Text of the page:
There is a new trend afoot in “patient engagement,” related not only to clinical trials, but also to healthcare today.
A plethora of conferences, articles, webinars and discussions purport the importance of this concept as if we had never thought of the idea before. The question before us might be: is this simply another catchy way to describe patient recruitment and/or retention? Is it just an attempt to repurpose customer service principles? Or is it something in between? In any case it is important to consider this more fully, as investigative sites are the only direct connection between the trial and the patient and definitely affect the patient’s decision to enroll in a trial and sustain his/her involvement.
Patient engagement in the true sense, as it relates to trials, is being looked at as a paradigm shift—that patient input should be included throughout the product development lifecycle, and patient involvement should be the new gold standard in product development. As we take the concept a step further, consider a recent article describing the practice of including potential trial participants in the development of protocols. This notion makes sense, to the point that we might ask ourselves why this is not standard practice and, indeed, why it is not standard practice to involve sites in protocol development as well.
More importantly, an evaluation of trial participants’ perceptions of clinical trials—why they enter, why they stay and their experiences—is of critical importance. Perhaps this is, in part, the missing link as to why 80% of trials see delays related directly to patient involvement, and why this statistic has not changed significantly over the last decade or more.
Today’s consumers of clinical trials are exposed to multiple levels of entry to healthcare, pay-for-service models and health and wellness delivery locations on every corner. Take the Walgreens approach to capturing the consumer through a theme formulated around the “corner store” concept, and the new Neighborhood Walmart stores. Even the multi-billion-dollar beauty business is challenged with the market being flooded with home-care delivery devices, such as lasers, and the commoditization of what previously were physician-centric services. Therefore, how do we expect to compete for attention in the clinical trial arena?
A few areas to consider in the delivery of services at the site level are location, hours of operation and evaluation of the needs of our “customers.” While we can’t pick up and move a site to demographically fit a particular population, we can take the study to the patients in some cases—collecting data remotely, changing clinic hours to weekends and evenings and structuring block enrollment strategies to meet the needs of both staff and patients. If we don’t begin more robustly employing these principles, we might miss the opportunity to reach our target populations.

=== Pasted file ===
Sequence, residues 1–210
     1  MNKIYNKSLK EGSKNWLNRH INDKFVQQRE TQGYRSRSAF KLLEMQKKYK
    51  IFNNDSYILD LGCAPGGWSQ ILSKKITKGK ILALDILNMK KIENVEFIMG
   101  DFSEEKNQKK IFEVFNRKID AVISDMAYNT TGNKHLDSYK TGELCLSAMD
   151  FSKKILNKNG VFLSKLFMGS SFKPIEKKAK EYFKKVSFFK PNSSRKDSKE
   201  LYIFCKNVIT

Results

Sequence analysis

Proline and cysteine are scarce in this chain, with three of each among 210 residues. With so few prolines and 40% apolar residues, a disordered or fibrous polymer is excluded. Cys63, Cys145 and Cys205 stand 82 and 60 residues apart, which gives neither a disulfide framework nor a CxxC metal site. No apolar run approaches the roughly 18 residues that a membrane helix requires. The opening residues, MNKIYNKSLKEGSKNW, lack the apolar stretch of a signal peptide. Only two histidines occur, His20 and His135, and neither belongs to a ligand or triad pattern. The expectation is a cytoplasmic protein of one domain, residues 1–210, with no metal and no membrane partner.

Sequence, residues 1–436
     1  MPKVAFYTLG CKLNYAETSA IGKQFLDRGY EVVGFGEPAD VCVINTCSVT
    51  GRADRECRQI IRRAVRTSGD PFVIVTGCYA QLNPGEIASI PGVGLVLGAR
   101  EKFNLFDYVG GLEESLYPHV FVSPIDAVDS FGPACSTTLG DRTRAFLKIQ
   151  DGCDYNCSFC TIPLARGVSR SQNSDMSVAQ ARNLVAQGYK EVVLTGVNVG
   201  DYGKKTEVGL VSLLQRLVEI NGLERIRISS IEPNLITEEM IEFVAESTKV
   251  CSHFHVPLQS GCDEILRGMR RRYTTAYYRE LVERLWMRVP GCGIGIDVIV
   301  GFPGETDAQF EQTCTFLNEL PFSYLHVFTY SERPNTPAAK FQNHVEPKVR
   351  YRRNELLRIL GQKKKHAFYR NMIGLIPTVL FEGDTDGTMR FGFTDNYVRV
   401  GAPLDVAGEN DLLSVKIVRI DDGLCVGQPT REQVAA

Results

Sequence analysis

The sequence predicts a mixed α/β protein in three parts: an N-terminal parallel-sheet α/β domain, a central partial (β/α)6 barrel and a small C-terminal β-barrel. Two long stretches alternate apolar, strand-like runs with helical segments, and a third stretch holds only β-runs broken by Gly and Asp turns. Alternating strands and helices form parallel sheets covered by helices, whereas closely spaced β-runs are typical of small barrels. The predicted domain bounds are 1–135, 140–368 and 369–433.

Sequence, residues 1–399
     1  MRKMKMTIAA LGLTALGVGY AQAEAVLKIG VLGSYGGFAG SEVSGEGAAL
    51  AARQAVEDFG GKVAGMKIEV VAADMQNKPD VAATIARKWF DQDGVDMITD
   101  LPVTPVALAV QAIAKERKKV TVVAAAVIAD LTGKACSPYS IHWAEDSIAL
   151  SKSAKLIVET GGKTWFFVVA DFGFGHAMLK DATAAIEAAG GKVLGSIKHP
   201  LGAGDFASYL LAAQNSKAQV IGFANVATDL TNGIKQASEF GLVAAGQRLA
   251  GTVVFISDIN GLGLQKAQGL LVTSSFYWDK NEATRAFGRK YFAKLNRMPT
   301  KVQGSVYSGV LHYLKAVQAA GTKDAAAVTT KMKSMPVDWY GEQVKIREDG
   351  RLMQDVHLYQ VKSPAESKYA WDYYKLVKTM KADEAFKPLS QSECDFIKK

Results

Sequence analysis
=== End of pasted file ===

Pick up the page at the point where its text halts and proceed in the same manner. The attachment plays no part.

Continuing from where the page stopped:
Are you evaluating the patient experience in your setting and implementing feedback from a practical, as well as philosophical, perspective? Brief survey data will quickly reveal your scorecard on staff communication, access to care and satisfaction with the clinical trial process. This data is telling and can be used to help customize and assure the patient of the quality of interaction to expect. Visit walgreens.com for an example of the “scorecard” parameters for patient engagement as related to the company’s perspective on customer satisfaction.
In summary, every activity—from choosing to take on a study to ascertaining and evaluating the participants’ experiences—should become a routine consideration for managing a patient engagement strategy matrix. The ability to thoughtfully evaluate this concept arguably could be one of the most important factors in your site’s growth and, perhaps, its competitive edge. Take the element of the patient experience and the importance this plays in entry and completion of a trial. Can you honestly say you believe this is the most important element of trial success and that you focus on methods to improve the patient experience often? In the high-tech, low-touch lives we lead, relationships still are the common denominator in consumer satisfaction.
Jeffrey Adelglass, M.D., F.A.C.S. is founder, owner and president of Research Across America (RAA), a U.S.-based, privately owned, multi-site, multi-discipline clinical research organization. RAA owns multiple research sites across the U.S. and has performed over 1,800 clinical trials in multiple disease areas. Email comments and questions to email@example.com.
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